People with Slender Faces More Likely to Be Left-Handed, Susceptible to Tuberculosis
A new study from the University of Washington Health Sciences revealed that people with slender faces are more likely to be left-handed.
The study, published in the journal Laterality: Asymmetries of Body, Brain and Cognition, showed that the genes responsible for shaping facial features can increase the likelihood of left-handedness.
"In a world dominated by an obesity crisis and right-handers, ectomorphs can be different in their desires," said Philippe Hujoel, a professor at the University of Washington School of Dentistry and author of the study, in a press release. "Popular websites suggest they commonly express a desire to gain weight or muscle mass. Their slightly increased chance of being a 'leftie' is an additional feature that makes them different."
For the study, the researchers analyzed the data of 13,536 individuals who participated in three national surveys in the U.S. The researchers found that people with slender lower faces were 25 percent more likely to be left-handed.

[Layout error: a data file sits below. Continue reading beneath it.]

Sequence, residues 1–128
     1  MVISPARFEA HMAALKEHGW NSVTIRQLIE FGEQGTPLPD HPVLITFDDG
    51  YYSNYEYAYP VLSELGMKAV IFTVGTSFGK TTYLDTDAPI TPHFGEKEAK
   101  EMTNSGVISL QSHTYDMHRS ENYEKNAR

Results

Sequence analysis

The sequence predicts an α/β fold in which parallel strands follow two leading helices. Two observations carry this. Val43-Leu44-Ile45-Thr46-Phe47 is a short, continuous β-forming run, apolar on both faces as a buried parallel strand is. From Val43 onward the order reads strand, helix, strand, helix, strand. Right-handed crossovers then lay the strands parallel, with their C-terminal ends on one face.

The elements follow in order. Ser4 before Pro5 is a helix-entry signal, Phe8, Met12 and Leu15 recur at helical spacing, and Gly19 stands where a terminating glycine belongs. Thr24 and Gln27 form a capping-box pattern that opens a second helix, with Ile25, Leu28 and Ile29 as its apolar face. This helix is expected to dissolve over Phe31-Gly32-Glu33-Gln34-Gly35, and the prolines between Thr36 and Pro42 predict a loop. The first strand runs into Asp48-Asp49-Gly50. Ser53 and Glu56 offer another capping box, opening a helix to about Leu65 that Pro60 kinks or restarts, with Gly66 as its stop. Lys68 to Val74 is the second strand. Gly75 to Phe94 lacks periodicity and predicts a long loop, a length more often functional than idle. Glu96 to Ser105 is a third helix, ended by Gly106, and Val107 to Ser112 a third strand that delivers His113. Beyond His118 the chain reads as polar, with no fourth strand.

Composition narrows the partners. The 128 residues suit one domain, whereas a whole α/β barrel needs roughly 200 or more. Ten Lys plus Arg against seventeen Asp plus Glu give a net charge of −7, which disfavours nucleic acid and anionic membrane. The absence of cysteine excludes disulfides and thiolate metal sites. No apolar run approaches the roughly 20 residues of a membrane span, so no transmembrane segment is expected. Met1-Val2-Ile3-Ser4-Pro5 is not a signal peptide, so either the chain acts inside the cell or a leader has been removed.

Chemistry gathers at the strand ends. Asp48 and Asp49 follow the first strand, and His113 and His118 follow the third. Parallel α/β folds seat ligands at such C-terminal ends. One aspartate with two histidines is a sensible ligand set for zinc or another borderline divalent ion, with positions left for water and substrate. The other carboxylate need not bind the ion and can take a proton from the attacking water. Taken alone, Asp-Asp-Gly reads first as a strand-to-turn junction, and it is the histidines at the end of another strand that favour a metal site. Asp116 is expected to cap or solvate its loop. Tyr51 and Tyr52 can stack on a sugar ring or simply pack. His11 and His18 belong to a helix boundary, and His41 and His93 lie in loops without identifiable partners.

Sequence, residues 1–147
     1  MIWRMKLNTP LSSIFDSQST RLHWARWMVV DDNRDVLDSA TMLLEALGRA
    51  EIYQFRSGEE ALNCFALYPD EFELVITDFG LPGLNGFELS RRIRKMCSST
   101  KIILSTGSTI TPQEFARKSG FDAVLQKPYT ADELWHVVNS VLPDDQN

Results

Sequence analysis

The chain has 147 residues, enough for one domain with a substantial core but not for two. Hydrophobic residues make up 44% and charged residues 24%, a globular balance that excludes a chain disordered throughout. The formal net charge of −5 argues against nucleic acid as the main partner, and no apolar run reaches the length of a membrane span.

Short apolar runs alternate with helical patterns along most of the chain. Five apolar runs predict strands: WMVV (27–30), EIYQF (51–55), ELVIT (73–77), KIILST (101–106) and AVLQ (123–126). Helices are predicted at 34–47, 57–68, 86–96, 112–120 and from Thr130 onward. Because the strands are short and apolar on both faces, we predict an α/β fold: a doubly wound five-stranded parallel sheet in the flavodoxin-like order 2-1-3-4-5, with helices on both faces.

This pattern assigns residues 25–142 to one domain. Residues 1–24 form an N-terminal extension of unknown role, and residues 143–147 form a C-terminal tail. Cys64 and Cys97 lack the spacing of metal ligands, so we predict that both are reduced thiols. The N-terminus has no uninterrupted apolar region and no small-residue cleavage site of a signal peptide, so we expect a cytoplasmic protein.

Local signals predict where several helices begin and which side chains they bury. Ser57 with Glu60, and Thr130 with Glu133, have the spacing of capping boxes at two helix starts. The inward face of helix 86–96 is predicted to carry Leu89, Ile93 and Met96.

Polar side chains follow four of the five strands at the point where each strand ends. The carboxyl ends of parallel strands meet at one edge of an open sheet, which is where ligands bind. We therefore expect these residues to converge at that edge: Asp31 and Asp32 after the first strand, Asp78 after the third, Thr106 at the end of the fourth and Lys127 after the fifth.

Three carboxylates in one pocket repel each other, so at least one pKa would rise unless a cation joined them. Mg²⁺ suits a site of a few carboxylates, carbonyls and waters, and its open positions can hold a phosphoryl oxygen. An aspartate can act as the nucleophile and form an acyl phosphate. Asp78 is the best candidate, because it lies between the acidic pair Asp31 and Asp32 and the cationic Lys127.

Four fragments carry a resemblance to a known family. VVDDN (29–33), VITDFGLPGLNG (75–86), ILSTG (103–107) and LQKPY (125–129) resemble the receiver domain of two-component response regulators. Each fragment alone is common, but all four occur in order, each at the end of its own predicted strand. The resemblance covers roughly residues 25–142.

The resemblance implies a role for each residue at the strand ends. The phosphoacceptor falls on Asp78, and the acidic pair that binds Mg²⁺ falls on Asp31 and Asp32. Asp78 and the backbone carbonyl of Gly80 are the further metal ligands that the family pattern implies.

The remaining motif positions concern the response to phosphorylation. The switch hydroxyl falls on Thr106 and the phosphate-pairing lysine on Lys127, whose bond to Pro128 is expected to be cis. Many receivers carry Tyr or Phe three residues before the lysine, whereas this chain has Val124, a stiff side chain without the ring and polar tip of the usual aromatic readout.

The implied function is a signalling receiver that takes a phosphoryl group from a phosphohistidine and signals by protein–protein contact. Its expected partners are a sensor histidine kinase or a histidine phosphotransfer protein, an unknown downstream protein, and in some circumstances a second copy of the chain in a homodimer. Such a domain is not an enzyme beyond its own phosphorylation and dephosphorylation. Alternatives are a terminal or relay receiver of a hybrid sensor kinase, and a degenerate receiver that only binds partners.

People with slender jaws have a lower jaw that bites a bit backward, creating an overbite. Slender jaws are considered to be a common facial feature, which affects about one in five people in the U.S.
Aside from left-handedness, slender jaws have been long associated with susceptibility to tuberculosis. The findings of the present study might shed some light on some "curious geographical features."
The researchers cited that the U.K. has a high prevalence of left-handedness and slender jaws, but at the same time, it is considered to be the tuberculosis capital of Western Europe. On the other hand, Eskimos, who are known for their robust facial features and high prevalence of right-handedness, were described as tuberculosis-resistant in the 19th century.
"Slender facial features became recognized as one aspect of a slender physique of a TB-susceptible person," said Hujoel in a statement. "The low body weight of this slender physique is still today recognized by the Centers for Disease Control and Prevention as a marker for TB susceptibility."